Physicists

*stipulate*that the electrons or photons in the EPR experiment have correlated properties due to being produced at the same time and place in the same particle source, and so the interactions of these particles with physically separated detectors also are correlated. This is not in dispute. What is in dispute is whether it is possible, at least in principle, to come up with a more fundamental theory than quantum mechanics, in which all the effects are propagated in the normal, intuitive way, at speeds less than or equal to the speed of light. (This is, after all, a problem

*about*the propagation of light!)

Bell’s argument proceeds more or less as follows: (1) The correlated particles reach the detectors, where they proceed to cause correlated detector results. (2) In classical physics, Detector A is distant from Detector B and therefore has no effect on it; likewise Detector B is distant from Detector A and can have no effect on it. (3) Therefore the readings at Detector A and Detector B are ‘independent’ and we can write P(AB|background conditions) = P(A|background conditions)P(B|background conditions). (4) From this we can deduce certain mathematical expressions that are violated by actual experiments, which instead show exactly the correlations stipulated in step (1). (5) Therefore (2) is wrong, and indeed Detector A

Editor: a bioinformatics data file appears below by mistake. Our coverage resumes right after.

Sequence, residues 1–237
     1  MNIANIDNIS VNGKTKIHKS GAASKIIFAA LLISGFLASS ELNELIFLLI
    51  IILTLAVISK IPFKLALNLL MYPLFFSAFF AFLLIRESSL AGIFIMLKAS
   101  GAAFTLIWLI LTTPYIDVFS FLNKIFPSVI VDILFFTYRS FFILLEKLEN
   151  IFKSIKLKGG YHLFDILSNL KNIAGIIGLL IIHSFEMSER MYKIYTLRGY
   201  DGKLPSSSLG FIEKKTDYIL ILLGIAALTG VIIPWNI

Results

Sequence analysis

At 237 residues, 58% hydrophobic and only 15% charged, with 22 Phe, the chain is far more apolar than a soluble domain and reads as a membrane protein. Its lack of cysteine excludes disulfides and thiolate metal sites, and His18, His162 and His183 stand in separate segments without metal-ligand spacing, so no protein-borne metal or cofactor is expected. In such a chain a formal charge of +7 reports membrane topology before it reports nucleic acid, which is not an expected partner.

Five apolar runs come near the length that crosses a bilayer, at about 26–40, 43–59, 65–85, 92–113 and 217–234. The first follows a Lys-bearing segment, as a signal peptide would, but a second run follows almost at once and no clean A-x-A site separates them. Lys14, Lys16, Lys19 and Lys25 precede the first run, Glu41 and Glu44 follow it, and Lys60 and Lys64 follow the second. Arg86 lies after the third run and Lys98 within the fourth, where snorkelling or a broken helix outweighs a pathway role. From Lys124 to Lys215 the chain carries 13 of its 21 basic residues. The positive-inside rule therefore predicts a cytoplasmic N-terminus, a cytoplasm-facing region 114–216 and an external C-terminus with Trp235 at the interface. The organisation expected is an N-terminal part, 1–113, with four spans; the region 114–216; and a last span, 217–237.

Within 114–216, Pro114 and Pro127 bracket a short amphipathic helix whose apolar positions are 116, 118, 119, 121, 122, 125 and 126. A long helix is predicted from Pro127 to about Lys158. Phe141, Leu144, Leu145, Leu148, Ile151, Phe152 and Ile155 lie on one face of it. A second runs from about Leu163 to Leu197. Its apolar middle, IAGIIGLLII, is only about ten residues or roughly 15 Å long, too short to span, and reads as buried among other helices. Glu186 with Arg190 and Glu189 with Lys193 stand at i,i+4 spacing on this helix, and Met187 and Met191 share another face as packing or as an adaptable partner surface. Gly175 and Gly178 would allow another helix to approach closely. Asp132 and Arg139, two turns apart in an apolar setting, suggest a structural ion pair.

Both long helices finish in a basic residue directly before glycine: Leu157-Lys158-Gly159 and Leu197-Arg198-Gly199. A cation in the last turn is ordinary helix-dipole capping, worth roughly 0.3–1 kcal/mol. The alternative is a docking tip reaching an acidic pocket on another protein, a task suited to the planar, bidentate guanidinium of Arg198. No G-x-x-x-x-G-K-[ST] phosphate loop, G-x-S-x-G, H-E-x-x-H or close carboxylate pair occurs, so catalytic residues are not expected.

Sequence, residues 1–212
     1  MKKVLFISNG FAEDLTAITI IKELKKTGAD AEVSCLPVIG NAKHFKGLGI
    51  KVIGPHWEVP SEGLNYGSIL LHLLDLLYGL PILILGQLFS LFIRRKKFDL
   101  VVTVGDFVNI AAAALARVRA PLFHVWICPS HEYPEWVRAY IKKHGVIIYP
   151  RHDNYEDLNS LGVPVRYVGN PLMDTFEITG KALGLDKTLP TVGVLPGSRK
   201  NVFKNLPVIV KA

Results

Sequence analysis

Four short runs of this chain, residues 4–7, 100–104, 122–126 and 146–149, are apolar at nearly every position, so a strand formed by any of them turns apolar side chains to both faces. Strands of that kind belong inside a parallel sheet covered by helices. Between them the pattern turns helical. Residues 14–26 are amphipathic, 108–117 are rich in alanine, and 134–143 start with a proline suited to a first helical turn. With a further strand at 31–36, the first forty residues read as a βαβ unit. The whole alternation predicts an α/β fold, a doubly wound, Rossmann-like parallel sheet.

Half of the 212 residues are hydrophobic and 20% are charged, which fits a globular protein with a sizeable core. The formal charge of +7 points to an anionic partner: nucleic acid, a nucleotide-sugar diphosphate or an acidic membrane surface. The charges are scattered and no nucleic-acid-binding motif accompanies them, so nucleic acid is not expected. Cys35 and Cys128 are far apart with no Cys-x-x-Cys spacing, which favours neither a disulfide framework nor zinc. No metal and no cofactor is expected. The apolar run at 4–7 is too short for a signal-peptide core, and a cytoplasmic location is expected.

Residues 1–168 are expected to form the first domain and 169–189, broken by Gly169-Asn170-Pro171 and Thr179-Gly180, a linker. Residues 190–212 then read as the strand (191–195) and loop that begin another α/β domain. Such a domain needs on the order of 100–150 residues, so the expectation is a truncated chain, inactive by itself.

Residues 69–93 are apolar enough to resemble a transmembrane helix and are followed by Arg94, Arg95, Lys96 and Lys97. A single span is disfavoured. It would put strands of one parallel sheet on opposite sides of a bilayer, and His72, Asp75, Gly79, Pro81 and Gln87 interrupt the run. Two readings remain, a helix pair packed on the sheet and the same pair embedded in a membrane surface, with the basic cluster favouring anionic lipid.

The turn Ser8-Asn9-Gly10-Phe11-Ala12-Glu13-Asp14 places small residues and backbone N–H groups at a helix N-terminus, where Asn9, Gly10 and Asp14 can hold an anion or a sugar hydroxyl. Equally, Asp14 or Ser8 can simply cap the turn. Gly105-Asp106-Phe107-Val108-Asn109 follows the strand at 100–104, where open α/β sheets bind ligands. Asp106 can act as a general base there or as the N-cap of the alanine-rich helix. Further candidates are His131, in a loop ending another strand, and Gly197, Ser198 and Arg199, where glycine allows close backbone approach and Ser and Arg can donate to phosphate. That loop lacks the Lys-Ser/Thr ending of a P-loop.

*does*affect Detector B, in an exact instant, across any distance whatsoever; and vice versa, in a special, quantum mechanical way. This is ‘quantum non-locality’. Furthermore it is impossible to explain the correlations as effects propagated at or below light speed, and you shouldn’t even try to do so; to do so would be like trying to make a perpetual motion machine or square the circle.

What is actually wrong, however, is step (3), which is nothing but a formal expression of one of those logical fallacies you can find catalogued on websites such as Wikipedia and Nizkor.